Older people who have been infected with or vaccinated against seasonal flu may have a type of immunity produced by cells that protects them from the swine flu virus, U.S. researchers said on Wednesday.

They said the pandemic H1N1 virus has parts found in earlier flu strains, and some people past age 60, who may have been exposed to similar viruses in their youth, may have some latent immune cells that protect them.

"These findings indicate that human populations may have some level of existing immunity to the pandemic H1N1 influenza and may explain why the 2009 H1N1-related symptoms have been generally mild," said Carol Cardona of the University of California Davis School of Veterinary Medicine. Her study appears in the journal Emerging Infectious Diseases.

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Cardona said cell-based immunity may be serving to weaken the effects of swine flu.

"The meaning clinically is you are going to get sick but it may not be as severe if you had no immunity whatsoever," Cardona said in a telephone interview.

Cardona said much attention is given to antibodies that recognize and destroy foreign invaders.

The body also makes cells, known as cytotoxic T-cells, which secrete antiviral chemicals that kill infected cells and clear the virus from the body. It is these cells that may be offering protection.

"It's part of the primary immune response. It just is not the one that is classically measured," Cardona said.

Cardona and colleague Zheng Xing analyzed data from prior studies of the H1N1 virus, looking at short stretches of proteins known as epitopes found in regions of the virus that are less likely to change from strain to strain.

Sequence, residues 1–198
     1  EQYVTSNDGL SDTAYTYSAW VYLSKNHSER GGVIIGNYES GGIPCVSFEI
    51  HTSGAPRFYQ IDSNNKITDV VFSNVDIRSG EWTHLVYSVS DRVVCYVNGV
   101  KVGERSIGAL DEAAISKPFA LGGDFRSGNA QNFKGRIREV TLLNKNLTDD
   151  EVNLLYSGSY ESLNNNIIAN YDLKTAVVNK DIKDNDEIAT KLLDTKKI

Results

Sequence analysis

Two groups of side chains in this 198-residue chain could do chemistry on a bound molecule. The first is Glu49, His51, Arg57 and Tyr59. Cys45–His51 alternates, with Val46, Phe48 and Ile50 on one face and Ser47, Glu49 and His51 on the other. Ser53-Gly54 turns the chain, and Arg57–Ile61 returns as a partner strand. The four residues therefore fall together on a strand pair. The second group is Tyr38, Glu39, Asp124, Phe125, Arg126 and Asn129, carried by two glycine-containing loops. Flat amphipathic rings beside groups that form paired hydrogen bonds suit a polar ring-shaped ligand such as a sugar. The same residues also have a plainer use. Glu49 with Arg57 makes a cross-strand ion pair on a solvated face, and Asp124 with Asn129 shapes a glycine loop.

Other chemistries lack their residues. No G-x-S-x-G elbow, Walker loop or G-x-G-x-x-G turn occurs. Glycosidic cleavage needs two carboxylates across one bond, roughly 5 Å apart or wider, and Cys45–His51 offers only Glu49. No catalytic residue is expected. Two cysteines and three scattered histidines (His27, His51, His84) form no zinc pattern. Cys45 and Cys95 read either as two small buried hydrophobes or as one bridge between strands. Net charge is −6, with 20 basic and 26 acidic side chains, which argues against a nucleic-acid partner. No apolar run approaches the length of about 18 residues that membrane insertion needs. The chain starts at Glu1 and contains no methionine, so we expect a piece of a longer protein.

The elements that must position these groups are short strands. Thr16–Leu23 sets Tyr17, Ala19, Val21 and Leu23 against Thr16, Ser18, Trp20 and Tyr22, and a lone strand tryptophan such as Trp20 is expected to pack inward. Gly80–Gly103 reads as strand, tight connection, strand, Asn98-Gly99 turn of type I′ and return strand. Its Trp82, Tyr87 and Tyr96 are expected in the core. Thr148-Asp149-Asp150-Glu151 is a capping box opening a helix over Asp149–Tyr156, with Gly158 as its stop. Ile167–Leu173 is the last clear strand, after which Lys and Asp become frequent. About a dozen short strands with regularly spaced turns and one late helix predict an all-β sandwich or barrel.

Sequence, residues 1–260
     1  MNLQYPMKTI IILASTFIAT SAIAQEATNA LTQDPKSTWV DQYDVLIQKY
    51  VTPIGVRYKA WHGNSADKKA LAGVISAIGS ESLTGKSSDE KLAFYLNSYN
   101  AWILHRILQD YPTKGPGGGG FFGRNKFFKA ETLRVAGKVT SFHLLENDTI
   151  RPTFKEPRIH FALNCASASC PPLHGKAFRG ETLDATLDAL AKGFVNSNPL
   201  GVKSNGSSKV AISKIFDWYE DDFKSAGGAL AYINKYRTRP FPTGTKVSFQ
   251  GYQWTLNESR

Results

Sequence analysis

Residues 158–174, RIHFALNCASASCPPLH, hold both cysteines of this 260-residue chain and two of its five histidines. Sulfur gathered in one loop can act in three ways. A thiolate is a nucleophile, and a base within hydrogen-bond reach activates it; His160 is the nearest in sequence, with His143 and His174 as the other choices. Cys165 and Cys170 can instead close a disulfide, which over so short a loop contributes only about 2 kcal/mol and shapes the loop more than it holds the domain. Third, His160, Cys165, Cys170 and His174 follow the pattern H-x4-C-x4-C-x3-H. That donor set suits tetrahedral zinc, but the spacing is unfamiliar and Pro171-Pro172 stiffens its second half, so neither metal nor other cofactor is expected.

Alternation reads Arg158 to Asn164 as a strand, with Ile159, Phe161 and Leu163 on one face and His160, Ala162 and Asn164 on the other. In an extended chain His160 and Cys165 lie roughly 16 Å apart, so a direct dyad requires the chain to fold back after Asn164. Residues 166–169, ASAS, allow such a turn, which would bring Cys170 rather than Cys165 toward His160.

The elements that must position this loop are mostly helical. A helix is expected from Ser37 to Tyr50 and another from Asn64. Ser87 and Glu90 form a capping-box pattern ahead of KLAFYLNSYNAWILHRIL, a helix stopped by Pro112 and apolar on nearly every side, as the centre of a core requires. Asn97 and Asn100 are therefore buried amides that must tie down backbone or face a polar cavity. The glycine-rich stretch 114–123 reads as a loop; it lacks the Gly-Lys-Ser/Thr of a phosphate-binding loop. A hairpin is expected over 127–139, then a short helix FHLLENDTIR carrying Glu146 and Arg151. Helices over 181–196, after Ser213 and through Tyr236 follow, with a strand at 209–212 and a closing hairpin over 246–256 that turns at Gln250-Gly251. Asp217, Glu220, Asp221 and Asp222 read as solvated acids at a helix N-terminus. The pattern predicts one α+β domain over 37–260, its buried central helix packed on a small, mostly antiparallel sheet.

"We simply went in and reanalyzed it," Cardona said.

They found more than a dozen of these epitopes on the H1N1 virus also are found in seasonal flu viruses that have been circulating for years.

"Not every single person can process these stretches of the protein," said Cardona, which may explain why some people who get the H1N1 flu have severe illness while others have milder cases.

According to the U.S. Centers for Disease Control and Prevention, most serious cases and deaths from swine flu have been in people under the age of 65.

"It's the younger ones who are being hospitalized," the CDC's Dr. Tim Uyeki told a meeting of the Pan American Health Organization on Wednesday.

Dr. Yoshi Kawaoka of the University of Wisconsin said studies showed people born in 1918 or earlier had many antibodies against the new pandemic H1N1 and said it may more closely resemble its distant 1918 cousin.